John, "hilarious" may not be the right word here. I would rather call it a tragedy, that by the time these ice-breakers will come afloat, the ice may have gone, and they will be better suited for ploughing through the dead bodies in the Mediterranean - see http://edition.cnn.com/2015/08/27/africa/migrant-bodies-wash-up-in-libya/ ...
Neven, we are never too old to learn. Here is a quick and dirty translation (no attempt at rhyming): A small low in Beaufort got all attention this year, ’cause strong winds blew swells towards the coast. On their way, they broke remaining floes, as if they were just fragile cakes. Now Barrow is battered, and I’m anxious/excited.
Toggle Commented Aug 28, 2015 on Arm's race (and a storm) at Arctic Sea Ice
Neven, thanks! Again you have done a splendid job summarizing this precarious situation. This morning on the train to work, I couldn't help write a little poem about it (in Danish unfortunately): Et lille lavtryk Beaufort fik al opmærksomhed i år fordi der blæst’ en vældig vind og dønninger på kysten ind. På vejen knak de sidste flager som var de sprøde kager. Nu Banker Barrow blot i brændingen, Mens jeg tydeligt mærker spændingen.
Toggle Commented Aug 28, 2015 on Arm's race (and a storm) at Arctic Sea Ice
Espen, at the moment I see 183 more or less meaningless contributions to that thread in Ingeniøren. I am as disappointed as you are, that this story has not been picked up by any news media in our country. On the other hand, when I see how the Washington Post treated this story, I came to think of a new term: journalistic reticence.
Toggle Commented Aug 23, 2015 on Jakobshavn record retreat at Arctic Sea Ice
Hi Espen, because Neven says that this blog is for news and the forum is for discussion. Details of Substage 5e some 125 thousand years ago on a remote tropical island can hardly be called news these days... Cheers P
Toggle Commented Aug 23, 2015 on Jakobshavn record retreat at Arctic Sea Ice
Marcel, I just got through the Hansen et al. draft, and I am pretty sure they did not consider the ice fall mechanism. During my reading of the manuscript, I discovered that you had overlooked the contribution from one retrograde glacier basin in Antarctica. Apparently the Cook glacier may over time contribute about half of the SLR of the Totten glacier (possibly 0.5 m in your numbers). Hansen et al. also reminded me that continental droughts may soon contribute a few decimeters to the overall SLR picture, which brings the overall total closer to 13 m. However, when I started to dig into the underlying references, they suddenly opened up a can of worms. On several lines of evidence, I do not concur with the authors. When it comes to the “chevron ridges and wave run-up deposits on Bahamas” (Hearty et al. (1998), I respectfully have to disagree. The interpretation of these morphological units is utter nonsense. Nowhere are these aeolian parabolic features made by waves, and the (apparently wave washed) 2000 t boulders are not even described in the paper. This thread is however not the right place for a discussion like that, so I will eventually have to move the discussion to this thread: http://forum.arctic-sea-ice.net/index.php/topic,1327.0.html in due course.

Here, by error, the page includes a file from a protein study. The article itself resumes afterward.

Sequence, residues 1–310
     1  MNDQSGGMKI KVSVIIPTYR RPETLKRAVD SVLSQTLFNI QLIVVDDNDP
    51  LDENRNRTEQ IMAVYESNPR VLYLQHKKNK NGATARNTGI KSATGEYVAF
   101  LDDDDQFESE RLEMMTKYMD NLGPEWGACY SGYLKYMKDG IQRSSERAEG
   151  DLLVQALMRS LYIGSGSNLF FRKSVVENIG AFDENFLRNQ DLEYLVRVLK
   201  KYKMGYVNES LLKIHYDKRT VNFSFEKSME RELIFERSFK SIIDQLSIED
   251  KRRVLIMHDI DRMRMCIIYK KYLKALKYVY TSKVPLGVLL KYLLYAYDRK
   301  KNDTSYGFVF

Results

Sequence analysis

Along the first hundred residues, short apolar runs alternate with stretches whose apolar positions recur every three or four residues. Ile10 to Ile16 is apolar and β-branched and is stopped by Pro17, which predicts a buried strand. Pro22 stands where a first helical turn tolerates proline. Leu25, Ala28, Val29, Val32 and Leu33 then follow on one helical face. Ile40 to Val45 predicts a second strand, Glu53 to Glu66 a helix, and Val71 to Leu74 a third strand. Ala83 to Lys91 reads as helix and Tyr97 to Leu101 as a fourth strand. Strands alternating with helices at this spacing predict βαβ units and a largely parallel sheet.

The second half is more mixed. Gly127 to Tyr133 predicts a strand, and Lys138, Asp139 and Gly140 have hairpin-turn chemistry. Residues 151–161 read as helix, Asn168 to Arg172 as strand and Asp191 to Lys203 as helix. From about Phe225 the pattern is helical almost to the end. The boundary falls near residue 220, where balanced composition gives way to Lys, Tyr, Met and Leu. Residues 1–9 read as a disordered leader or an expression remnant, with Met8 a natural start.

Toggle Commented Aug 23, 2015 on Jakobshavn record retreat at Arctic Sea Ice
Tor, You are absolutely right. The white "spots" in the lakes are remnants of last year's lake ice. So, it is not the lake bed you are seeing, but the signature of a perennial lake on the ice sheet surface indicating either a large depression or a slow glacier under neath.
Toggle Commented Aug 22, 2015 on Lakes on a glacier at Arctic Sea Ice
Even Danish media have now picked up this story: see: http://ing.dk/blog/verdens-varmeste-maaned-178151 About 15 cm down, there is a link to this thread. Lookout for the keyword "Jakobshavn" and please ignore the discussion (mainly in Danish).
Toggle Commented Aug 21, 2015 on Jakobshavn record retreat at Arctic Sea Ice